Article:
Falling into Place – Review

Liz Emerson held so much darkness within her that closing her eyes didn’t make much of a difference at all…

Every line in this book is like poetry. Seriously.

This entire experience of reading Falling into Place by Amy Zhang has been breathtaking: Non-stop goosebumps breaking out across my arms and the back of my neck as I flip through pages; nearly crying on the bus because oh my gosh. This book is not made up of plot, or of characters, or of setting; it’s made of pure, raw emotion.

 

*Note: I received this book as a giveaway prize (yay!) from HCC Frenzy (HarperCollins), but it did not influence my rating because seriously, this book was amazing already.


 On the day Liz Emerson tries to die, they had reviewed Newton’s laws of motion in physics class. Then, after school, she put them into practice by running her Mercedes off the road.

Why? Why did Liz Emerson decide that the world would be better off without her? Why did she give up? Vividly told by an unexpected and surprising narrator, this heartbreaking and nonlinear novel pieces together the short and devastating life of Meridian High’s most popular junior girl. Mass, acceleration, momentum, force—Liz didn’t understand it in physics, and even as her Mercedes hurtles toward the tree, she doesn’t understand it now. How do we impact one another? How do our actions reverberate? What does it mean to be a friend? To love someone? To be a daughter? Or a mother? Is life truly more than cause and effect?


This book has a bit of mystery. The description notes that there’s “an unexpected and surprising narrator”, and I really didn’t take much notice of this until I started reading and the pure, blinding desire to know who the narrator is consumed me. Seriously. I went back and forth trying to guess: Aha! It’s XYZ! Oh wait, but XYZ is referred to in the third person and the narrator uses first person, darn… Oh! Oh! I know! It’s ABC- no, no, that’s wrong too. Hm. Maybe it’s is XYZ but argh! REVEAL YOURSELF, NARRATOR! I won’t tell you who the narrator is – that’s for you to find out yourself!

Falling into Place rocks back and forth between the past and the present, happiness and devastation, and it does so skillfully. The motivations for what’s happening in the “now” becomes painfully clear as we read through the “then”. And, as it turns out, we’re not justing learning about them then, we’re truly learning about them now: about all the little moments and people that collaborated to make them into the exact person they are right now, right on this page. I especially loved the “snapshots” that give a look into the past in a quick paragraph: a snapshot. Both the flashbacks and the snapshots give this book a beautiful depth.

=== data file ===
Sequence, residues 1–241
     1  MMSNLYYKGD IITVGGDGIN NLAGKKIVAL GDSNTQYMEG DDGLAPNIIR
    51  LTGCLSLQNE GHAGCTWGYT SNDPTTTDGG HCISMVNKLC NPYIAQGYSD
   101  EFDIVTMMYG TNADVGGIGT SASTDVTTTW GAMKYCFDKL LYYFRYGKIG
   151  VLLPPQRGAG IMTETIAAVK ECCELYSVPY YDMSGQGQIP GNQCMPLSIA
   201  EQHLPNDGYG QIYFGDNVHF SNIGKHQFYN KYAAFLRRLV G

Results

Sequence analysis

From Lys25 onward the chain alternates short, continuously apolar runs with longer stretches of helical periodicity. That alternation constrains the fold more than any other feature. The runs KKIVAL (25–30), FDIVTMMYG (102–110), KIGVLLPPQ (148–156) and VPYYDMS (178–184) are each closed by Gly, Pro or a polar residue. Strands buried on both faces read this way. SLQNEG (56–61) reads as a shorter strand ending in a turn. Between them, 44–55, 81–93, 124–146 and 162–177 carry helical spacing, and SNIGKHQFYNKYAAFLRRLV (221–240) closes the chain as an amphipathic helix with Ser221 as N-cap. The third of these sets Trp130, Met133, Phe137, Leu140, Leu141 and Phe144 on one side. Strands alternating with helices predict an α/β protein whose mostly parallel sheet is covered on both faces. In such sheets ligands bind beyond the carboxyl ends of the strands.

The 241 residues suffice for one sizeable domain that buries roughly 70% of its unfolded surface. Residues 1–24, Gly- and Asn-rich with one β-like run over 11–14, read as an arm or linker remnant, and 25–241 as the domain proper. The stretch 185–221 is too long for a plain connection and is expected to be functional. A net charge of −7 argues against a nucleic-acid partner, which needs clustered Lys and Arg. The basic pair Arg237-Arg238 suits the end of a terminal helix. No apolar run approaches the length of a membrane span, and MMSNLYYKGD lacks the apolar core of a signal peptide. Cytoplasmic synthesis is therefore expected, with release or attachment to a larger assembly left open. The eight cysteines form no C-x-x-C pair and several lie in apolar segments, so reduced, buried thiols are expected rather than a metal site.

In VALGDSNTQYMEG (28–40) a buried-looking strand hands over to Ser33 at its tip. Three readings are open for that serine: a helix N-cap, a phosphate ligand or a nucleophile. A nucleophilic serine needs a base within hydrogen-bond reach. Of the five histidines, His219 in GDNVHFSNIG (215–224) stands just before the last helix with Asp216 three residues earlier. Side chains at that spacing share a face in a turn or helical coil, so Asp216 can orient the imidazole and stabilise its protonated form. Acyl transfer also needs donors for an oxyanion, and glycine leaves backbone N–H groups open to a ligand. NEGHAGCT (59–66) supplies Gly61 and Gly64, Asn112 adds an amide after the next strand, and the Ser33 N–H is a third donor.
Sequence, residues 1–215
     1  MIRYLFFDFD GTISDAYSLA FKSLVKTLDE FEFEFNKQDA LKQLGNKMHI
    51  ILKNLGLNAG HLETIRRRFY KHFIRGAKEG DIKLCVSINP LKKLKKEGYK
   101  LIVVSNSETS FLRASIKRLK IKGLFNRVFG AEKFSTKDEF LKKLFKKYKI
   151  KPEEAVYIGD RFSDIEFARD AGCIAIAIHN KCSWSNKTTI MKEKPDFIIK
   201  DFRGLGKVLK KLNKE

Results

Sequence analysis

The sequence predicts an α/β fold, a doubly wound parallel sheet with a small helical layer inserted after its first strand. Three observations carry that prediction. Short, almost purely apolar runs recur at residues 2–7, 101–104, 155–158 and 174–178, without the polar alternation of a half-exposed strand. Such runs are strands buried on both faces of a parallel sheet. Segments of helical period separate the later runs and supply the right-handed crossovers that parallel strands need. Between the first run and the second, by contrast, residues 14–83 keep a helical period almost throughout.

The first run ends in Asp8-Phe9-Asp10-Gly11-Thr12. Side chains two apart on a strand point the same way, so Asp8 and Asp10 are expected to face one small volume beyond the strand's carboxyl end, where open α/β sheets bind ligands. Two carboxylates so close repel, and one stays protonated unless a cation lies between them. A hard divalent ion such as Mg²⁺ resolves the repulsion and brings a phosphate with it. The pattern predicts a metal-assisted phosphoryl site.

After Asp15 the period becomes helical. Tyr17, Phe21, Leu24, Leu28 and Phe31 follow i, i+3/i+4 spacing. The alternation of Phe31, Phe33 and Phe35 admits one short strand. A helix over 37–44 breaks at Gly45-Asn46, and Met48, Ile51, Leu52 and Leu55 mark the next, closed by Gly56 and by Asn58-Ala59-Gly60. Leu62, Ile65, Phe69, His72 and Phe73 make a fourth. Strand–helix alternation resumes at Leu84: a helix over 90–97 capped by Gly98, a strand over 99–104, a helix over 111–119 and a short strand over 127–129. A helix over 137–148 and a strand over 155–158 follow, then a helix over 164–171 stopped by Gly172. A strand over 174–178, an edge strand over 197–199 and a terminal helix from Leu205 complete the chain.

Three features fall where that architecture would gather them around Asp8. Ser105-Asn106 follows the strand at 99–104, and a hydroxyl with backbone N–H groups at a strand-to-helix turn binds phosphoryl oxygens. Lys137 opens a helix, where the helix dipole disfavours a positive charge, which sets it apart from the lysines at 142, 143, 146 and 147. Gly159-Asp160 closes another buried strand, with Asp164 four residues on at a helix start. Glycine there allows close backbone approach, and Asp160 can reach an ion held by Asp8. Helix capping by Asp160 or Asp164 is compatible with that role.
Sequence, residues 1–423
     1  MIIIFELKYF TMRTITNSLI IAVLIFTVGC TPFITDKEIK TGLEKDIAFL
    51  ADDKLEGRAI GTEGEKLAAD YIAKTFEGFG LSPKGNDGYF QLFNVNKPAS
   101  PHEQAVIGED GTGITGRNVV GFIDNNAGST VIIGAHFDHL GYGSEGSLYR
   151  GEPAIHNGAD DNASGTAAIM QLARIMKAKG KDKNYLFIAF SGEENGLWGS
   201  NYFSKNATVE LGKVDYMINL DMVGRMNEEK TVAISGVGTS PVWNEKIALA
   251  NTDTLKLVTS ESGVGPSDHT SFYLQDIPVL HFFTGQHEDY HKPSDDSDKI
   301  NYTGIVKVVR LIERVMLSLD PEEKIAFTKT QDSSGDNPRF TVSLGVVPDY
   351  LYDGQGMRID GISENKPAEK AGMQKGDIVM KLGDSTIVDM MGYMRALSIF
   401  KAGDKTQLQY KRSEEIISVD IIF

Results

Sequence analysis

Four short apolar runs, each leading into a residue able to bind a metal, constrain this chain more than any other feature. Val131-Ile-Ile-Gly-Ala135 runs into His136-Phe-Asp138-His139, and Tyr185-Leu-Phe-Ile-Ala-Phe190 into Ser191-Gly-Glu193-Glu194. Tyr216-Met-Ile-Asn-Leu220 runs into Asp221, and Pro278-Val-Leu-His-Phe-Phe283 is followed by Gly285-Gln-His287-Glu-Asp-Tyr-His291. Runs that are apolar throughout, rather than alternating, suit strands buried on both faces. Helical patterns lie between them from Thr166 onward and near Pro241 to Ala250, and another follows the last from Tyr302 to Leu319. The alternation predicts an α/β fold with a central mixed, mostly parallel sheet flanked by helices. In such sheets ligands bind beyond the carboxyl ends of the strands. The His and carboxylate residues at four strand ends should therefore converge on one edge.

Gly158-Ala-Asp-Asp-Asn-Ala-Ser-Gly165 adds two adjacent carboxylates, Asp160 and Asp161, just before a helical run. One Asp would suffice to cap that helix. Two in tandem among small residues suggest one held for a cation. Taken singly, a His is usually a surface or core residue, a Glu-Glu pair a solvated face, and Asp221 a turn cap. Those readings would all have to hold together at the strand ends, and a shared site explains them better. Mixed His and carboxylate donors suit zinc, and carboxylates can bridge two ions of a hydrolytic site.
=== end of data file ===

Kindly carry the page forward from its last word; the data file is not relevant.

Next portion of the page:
She forgot, sometimes, that she could make her own choices. 

Liz really isn’t a nice person for the most part, but as we get to peek more and more into her childhood I could see how she became that why and why she stays  that way. Her 7-day trial especially reveals this. Liam is a sweet boy with a helpless crush, and I see a lot of myself in him. We don’t get to see how things turn out for him, but I hope he gets a happy ending. I like Liam, and I feel for Liz. Also, Julia. I seriously love her. Like seriously. Especially at the end. They’re all flawed – Liz and Kennie and Julia – but I really loved Julia of the three.

And it was then that [Liam] began to fall in love with [Liz] for the second time, for the same reason that he had picked up his flute again; because he believed in broken things. 

This book is about more than suicide. It’s about bullying and depression and neglect, and drug abuse, teenage pregnancy, and all those things that threaten to tear us down as teenagers. Falling into Place is also not just about Liz. It’s about all the people in a person’s life – directly and peripherally – and how they affect the decisions you make, and how they deal with the aftermath of those decisions.

[Liz’s classmates are] crying for themselves, for fear of death, for the loss of faith in their own invincibility, because if Liz Emerson is mortal, they all are. 

Probably the only thing I wished this book had was more of an ending. We get a brief look at how Liz’s situation turns out, but we don’t get to see how things end for her Julia, Kennie, or Liam. This was something I really wanted to see in this book.

Overall though, the ending was beautiful. I’m giving this one a perfect rating because it far surpassed my expectations. It made me emotional in a way a book hasn’t done in a long time and I’m so so content with this book. To know that a book of such beautiful writing and depth was written by a high schooler really makes me excited about the future emerging writers. This book is one that everyone needs to read.

We race the world, and as fast as it rotates, as fast as it revolves, we are faster. 

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